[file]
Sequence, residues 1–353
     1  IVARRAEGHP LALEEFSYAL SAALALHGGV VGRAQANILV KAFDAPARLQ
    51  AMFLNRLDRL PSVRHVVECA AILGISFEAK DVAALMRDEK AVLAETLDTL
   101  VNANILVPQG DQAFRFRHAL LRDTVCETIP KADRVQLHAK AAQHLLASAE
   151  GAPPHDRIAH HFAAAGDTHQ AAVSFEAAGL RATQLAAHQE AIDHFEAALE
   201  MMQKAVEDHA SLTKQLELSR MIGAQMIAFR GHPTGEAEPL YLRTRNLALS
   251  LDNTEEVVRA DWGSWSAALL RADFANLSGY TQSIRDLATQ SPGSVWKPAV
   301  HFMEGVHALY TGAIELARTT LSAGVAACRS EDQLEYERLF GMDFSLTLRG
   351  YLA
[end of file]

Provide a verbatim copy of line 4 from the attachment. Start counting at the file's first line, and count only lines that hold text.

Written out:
   101  VNANILVPQG DQAFRFRHAL LRDTVCETIP KADRVQLHAK AAQHLLASAE